How COVID Helped Latinas Confront Body Image Issues

Latinx Heritage Month illustration.

Amelia Manley / Verywell

“Te vez mas gorda—it seems you’ve put on some weight,” was the first comment my father made to me after we met up for the first time seven months into the pandemic. 

In early 2020, I’d been working a few contract jobs. Having recently graduated from college, I was navigating this new phase of life while figuring out how to make my own living. But once COVID-19 was declared a pandemic in March, I lost all of my work in a matter of days. I fell into erratic routines: eating and sleeping irregularly, ceasing to exercise, and at times, not moving much at all. 

I never thought about how my body would change because of the ways I changed until eight months later—while on a walk with a friend—when we stopped to take pictures among some flowers. 

“Your tummy looks so cute!” she said, hyping me up. 

“My tummy?” I thought. I’d been wearing a shirt I believed was long enough to slide over it, so her comment confused me. But when I looked through the photos, my stomach peeped out from under a shirt that used to fit me well.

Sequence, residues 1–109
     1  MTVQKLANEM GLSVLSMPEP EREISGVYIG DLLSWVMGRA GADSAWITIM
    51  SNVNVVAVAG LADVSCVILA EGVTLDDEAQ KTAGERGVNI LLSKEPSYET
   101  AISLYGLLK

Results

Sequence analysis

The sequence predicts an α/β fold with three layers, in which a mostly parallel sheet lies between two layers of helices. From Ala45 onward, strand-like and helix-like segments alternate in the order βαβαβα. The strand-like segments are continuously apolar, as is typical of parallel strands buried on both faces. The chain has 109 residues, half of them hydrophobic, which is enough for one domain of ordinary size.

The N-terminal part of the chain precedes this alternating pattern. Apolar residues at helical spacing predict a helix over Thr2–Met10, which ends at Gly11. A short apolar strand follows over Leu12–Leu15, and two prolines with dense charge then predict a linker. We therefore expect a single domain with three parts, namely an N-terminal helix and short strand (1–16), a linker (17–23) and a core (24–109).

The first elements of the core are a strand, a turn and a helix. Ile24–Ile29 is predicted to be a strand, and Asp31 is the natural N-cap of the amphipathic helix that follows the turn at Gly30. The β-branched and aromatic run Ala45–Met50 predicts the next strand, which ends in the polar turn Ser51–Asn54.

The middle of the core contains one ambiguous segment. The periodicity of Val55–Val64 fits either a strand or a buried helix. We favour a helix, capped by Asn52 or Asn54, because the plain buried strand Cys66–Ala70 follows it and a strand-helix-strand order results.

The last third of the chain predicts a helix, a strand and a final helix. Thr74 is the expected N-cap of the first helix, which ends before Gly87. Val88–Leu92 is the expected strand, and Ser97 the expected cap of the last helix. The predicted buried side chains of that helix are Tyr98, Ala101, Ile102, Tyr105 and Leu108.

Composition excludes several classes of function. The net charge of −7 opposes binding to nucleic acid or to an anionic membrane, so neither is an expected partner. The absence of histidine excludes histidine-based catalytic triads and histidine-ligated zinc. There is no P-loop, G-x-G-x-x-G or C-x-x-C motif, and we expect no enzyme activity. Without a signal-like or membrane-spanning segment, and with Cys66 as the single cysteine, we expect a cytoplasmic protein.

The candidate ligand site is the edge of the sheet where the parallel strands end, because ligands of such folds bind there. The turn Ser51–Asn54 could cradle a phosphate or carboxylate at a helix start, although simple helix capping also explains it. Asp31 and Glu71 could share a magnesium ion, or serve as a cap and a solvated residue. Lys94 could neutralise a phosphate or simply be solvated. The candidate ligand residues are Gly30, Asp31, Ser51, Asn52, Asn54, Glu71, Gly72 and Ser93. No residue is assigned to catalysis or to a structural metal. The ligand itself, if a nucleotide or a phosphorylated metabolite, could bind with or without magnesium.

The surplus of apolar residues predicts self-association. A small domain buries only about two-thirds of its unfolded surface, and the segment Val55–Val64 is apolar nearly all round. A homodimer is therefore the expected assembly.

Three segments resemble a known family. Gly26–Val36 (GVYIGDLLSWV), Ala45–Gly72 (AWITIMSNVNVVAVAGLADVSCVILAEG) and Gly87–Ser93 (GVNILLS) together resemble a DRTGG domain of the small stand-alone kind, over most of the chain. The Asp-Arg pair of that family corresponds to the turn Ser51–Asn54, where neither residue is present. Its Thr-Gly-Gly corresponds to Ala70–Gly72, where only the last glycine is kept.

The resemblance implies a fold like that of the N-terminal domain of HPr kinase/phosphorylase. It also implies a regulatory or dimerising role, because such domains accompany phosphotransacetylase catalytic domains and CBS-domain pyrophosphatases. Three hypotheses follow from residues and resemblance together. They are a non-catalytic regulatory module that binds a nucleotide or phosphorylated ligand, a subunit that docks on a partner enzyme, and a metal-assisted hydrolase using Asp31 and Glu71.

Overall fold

Suddenly, I could see how my face, my upper thighs, and my underarms had all changed. In the coming months, this realization would lead me to become overly critical of myself and obsessive about tracking my eating patterns. I quickly realized that any love I previously expressed toward my body was conditional. I’d only love it if it looked a certain way.

I’m not alone. ​​For many Latinas, shutdowns have led to a reckoning with their relationships to their bodies and eating habits. 

According to a survey conducted in February 2021 by the American Psychological Association, 45% of women reported undesired weight gain during the pandemic, with an average gain of 22 pounds.

The changes we’re seeing in ourselves have forced us to face our internalized toxic beauty standards and negative views toward fatness head-on.

Complicated Relationships With Weight and Food Start Young

For many in the Latinx community, grappling with weight and eating begins at an early age. Comments from family, images in media, and even socioeconomic status all impact the way we perceive our bodies.